A Space for Wrongness
13 January, 2012 § 2 Comments
I want this blog to be a space where it is safe to be wrong.
Wrongness is, I think, undervalued a lot culturally, particularly in the internet culture, particularly on the blogging world, which is to say the world of argumentative individualistic writing. In this world, the goal of any particular argument, interaction, etc, is to be the one who’s right, and “winning” that rightness comes at all costs.
This is sad to me. This is sad to me because the personal value I get out of reading argumentative, individualistic writing is pretty much at a disjoint from its truth value. If all I ever wanted to read was correct things, I could easily go for the low hanging fruit of reading about, say, basic mathematics or formalistic logic. But I don’t. I seek out writing about politics, gender, race, culture, society, art, game design, linguistics, science, and so on, places where wrongness isn’t just likely, it’s basically assured. Why is this?
Well, clearly, it’s because I get some value from wrong arguments. In particular, personally, I would rather read an argument which is wrong, but makes me re-evaluate my life and world view, than an argument that is correct, but mostly reconfirms my existing prejudices. I had a recent talk with a room-mate about this, with respect to Andrea Dworkin (link to an excellent interview by Michael Moorcock), whose writing I really adore. Dworkin was wrong about a lot of stuff, including some of the critical issues of her day. But she was wrong in a way that leads a reader to re-assessing their relationship to sex, gender, society and self. I don’t agree with Dworkin’s conclusions (sometimes) but I’m a better person for having read her writing. This is clearly a superior experience, as a reader, than — for instance — wikipedia’s article about adhesive tape, which is more factually correct.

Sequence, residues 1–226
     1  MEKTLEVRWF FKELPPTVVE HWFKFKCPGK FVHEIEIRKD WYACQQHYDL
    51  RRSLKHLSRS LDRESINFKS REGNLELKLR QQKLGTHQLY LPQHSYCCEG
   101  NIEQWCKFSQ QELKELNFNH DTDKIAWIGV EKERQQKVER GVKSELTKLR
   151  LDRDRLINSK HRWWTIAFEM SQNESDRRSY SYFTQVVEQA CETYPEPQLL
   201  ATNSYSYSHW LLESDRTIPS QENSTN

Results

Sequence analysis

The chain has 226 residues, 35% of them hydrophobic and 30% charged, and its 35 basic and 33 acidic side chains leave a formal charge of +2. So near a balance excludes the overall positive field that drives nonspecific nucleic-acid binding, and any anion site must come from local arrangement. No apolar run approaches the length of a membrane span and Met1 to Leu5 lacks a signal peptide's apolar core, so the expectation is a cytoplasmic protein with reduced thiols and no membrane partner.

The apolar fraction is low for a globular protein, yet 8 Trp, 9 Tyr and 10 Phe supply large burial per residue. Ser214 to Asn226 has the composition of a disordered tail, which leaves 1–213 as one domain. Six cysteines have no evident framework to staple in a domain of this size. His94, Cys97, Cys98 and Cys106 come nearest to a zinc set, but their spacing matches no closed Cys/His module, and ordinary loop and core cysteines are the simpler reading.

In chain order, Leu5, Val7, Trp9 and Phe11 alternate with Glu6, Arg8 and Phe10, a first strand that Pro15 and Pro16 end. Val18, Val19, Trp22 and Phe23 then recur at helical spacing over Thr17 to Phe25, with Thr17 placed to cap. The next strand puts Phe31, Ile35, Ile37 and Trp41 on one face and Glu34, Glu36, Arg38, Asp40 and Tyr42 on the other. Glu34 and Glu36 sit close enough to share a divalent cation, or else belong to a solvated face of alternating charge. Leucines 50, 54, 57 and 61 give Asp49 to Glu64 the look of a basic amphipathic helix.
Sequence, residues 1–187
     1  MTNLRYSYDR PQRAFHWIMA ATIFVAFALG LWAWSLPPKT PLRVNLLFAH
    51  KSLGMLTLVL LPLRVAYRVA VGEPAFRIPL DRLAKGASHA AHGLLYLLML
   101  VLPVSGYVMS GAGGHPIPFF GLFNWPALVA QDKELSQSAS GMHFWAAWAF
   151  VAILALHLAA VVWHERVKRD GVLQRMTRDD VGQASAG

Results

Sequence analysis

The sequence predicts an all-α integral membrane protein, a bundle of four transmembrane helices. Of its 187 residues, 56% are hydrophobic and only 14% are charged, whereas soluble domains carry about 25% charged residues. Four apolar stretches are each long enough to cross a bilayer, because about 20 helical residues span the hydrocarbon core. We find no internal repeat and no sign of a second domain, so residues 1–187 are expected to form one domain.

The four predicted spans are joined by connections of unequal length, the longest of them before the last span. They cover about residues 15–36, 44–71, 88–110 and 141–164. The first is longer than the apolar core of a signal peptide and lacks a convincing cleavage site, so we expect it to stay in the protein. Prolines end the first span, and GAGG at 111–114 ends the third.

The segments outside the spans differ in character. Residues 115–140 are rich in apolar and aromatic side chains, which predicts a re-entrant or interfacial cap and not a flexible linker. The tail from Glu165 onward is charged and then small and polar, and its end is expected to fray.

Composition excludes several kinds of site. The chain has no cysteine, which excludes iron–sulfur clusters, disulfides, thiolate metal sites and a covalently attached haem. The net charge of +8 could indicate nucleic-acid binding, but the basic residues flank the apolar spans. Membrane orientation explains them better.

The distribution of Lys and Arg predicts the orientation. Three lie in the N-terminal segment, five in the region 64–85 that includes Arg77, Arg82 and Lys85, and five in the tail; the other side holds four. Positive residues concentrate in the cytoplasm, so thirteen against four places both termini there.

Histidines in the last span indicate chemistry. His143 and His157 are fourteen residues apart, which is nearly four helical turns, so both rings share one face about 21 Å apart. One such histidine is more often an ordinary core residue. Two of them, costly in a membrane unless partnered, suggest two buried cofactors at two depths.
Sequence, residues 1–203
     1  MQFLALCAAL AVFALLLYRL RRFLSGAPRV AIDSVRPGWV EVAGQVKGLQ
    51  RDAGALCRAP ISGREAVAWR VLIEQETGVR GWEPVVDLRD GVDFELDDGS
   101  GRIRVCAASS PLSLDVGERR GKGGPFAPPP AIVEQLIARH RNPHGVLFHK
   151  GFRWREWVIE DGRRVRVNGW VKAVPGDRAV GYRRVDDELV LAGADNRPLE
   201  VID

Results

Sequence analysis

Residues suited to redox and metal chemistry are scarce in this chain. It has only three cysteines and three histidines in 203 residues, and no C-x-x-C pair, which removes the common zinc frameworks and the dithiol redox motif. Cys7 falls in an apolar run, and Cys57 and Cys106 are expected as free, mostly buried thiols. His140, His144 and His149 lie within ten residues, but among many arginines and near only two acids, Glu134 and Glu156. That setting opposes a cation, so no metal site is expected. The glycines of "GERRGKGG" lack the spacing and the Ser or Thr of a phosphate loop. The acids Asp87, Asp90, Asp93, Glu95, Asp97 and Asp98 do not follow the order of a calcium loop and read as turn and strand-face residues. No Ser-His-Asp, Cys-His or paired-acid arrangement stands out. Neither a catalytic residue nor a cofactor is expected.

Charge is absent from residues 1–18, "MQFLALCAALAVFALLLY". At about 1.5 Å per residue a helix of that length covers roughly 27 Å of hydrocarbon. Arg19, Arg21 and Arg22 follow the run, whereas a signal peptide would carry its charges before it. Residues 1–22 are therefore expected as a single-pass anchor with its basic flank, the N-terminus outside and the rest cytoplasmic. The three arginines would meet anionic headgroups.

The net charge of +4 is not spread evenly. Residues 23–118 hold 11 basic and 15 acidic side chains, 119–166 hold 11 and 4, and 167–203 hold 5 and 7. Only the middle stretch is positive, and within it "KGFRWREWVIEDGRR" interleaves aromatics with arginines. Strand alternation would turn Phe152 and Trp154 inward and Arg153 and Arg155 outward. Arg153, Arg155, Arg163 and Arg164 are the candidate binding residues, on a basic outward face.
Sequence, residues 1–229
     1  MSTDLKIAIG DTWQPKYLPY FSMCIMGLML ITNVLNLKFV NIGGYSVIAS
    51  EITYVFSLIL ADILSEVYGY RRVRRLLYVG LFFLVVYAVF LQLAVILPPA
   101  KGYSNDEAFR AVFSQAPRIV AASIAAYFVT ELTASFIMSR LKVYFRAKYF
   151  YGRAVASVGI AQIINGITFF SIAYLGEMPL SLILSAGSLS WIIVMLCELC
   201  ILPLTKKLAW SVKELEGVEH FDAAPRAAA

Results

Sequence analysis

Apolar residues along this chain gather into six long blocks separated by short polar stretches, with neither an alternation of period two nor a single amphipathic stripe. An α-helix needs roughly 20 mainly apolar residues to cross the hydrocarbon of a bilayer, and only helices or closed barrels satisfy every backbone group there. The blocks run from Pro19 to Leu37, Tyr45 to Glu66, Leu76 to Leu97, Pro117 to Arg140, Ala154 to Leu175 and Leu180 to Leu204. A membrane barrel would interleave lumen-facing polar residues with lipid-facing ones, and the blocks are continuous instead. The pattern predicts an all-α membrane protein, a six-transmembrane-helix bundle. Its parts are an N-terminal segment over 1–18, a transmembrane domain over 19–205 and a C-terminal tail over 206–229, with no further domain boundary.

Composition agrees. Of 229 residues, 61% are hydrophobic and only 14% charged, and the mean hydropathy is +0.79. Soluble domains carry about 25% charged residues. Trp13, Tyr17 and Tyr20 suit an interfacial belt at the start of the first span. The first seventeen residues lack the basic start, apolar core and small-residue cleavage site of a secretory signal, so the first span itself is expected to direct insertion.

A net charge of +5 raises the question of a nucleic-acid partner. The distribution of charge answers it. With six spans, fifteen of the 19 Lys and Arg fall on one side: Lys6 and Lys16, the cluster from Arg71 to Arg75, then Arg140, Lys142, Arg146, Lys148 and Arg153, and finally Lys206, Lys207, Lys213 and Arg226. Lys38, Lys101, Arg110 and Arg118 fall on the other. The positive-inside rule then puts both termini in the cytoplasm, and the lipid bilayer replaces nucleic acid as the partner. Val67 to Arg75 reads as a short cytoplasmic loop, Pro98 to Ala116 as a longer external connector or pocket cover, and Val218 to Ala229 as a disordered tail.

In this space, I’d like to pursue the kind of writing that makes people re-evaluate their own lives and their own relationships and thoughts, whether that is right or wrong in terms of trivial content. In this regard, I’d really like to have a space where being wrong doesn’t mean that you’re a bad person, and it doesn’t even necessarily mean that you have the worse of the argument. It means, simply, that you are wrong, and no further.
This is the ideal. I don’t even know how to start to approach it yet, and I imagine that this is going to be a work in process. Anyone reading: I would welcome your thoughts.